The use of fire is one of the fundamental aspects of human behavior. The beginning of pyrotechnology, the mastering of fire by humans, is still a hotly debated issue in anthropology and archaeology. Micromorphological studies of prehistoric combustion features showed that some of these features are products of discernible individual and repeated burning events that took place in the same spot. Thus these features represent a sequence of in situ short-term individual actions and constitute a discernible instantaneous facet of prehistoric human behaviours.
The broad objective of this project is the development of multi-analytical protocols to study thin sections of intact, undisturbed prehistoric combustion features. We believe that this approach will maximize the information related to prehistoric pyrotechnologies maintaining the highest degree of spatial and temporal resolution and contextuality. The specific objective of this research is to develop a combined FTIR-microspectroscopy and in situ XRD, protocol t o determine the burning temperature of silicate particles included in the prehistoric combustion feature. With FTIR microspectroscopy it is possible to observe the sample with the microscope and focus on a particle as small as 50 um and analyse it. With in situ XRD it is possible to insert the thin section slide into a Difractometer and analyse a particle as small as few hundreds um.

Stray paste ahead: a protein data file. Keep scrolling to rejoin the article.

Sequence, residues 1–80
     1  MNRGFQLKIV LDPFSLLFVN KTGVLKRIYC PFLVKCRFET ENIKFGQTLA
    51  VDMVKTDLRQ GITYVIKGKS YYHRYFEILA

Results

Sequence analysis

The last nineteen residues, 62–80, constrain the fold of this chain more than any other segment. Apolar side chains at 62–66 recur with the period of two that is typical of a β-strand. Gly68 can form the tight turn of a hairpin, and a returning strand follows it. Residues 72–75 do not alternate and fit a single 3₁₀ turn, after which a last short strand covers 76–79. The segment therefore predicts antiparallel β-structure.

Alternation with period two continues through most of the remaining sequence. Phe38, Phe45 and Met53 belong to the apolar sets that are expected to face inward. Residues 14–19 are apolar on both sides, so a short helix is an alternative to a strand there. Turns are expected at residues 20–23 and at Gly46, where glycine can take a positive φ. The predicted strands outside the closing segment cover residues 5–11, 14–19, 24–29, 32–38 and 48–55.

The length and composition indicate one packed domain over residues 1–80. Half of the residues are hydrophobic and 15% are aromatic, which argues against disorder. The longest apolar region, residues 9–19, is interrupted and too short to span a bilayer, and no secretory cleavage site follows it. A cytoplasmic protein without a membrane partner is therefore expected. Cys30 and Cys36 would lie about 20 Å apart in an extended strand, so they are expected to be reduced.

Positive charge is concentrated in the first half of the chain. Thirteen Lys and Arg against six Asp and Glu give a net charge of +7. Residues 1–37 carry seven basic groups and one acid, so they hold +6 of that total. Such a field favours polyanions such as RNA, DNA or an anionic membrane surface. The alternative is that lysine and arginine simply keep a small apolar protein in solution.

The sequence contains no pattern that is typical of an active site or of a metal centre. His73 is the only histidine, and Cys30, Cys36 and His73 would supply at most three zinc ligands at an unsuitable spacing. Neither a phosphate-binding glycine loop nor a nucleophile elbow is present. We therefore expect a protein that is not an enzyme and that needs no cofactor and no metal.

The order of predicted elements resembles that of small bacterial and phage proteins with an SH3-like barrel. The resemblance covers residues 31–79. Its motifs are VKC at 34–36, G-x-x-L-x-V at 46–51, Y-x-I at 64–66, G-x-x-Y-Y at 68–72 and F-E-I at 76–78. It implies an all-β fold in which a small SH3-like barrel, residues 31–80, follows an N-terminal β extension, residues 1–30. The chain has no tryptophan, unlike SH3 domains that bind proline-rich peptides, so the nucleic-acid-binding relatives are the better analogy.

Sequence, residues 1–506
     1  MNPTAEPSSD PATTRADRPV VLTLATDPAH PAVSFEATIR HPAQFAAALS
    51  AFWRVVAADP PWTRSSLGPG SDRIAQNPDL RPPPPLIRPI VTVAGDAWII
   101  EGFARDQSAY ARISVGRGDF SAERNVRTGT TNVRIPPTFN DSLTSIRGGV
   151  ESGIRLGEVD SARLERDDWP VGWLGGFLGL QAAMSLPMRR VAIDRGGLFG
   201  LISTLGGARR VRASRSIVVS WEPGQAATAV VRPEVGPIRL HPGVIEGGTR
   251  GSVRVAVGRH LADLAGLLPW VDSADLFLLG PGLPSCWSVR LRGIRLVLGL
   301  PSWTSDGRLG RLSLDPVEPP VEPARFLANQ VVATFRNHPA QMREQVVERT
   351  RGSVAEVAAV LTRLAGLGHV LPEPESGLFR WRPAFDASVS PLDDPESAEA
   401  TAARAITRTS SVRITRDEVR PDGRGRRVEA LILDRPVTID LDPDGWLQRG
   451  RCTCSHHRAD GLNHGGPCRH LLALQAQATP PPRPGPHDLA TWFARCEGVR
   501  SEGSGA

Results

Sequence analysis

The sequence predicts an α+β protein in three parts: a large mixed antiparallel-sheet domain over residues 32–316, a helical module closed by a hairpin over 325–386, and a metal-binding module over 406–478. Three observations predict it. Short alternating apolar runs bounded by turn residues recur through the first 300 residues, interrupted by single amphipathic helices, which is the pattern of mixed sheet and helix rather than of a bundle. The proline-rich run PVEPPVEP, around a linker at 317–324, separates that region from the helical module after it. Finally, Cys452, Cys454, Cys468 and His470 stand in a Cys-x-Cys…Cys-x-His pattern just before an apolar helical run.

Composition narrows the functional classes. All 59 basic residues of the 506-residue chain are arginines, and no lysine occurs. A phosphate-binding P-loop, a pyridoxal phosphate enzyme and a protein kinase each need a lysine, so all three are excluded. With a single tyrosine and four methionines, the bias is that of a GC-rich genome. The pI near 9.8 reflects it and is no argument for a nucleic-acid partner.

The proposed research will be integrating part of a project conducted by a team of European and American scholars that will perform a multidisciplinary investigation on the same set of thin sections of combusted features from very important French and Israeli Paleolithic sites. The team will obtain the largest possible number of independent evidences maintaining the contextual integrity of each analytical technique within the true space of the deposits. This will allow for direct comparisons among combustion features of different types and/or from different Paleolithic periods.
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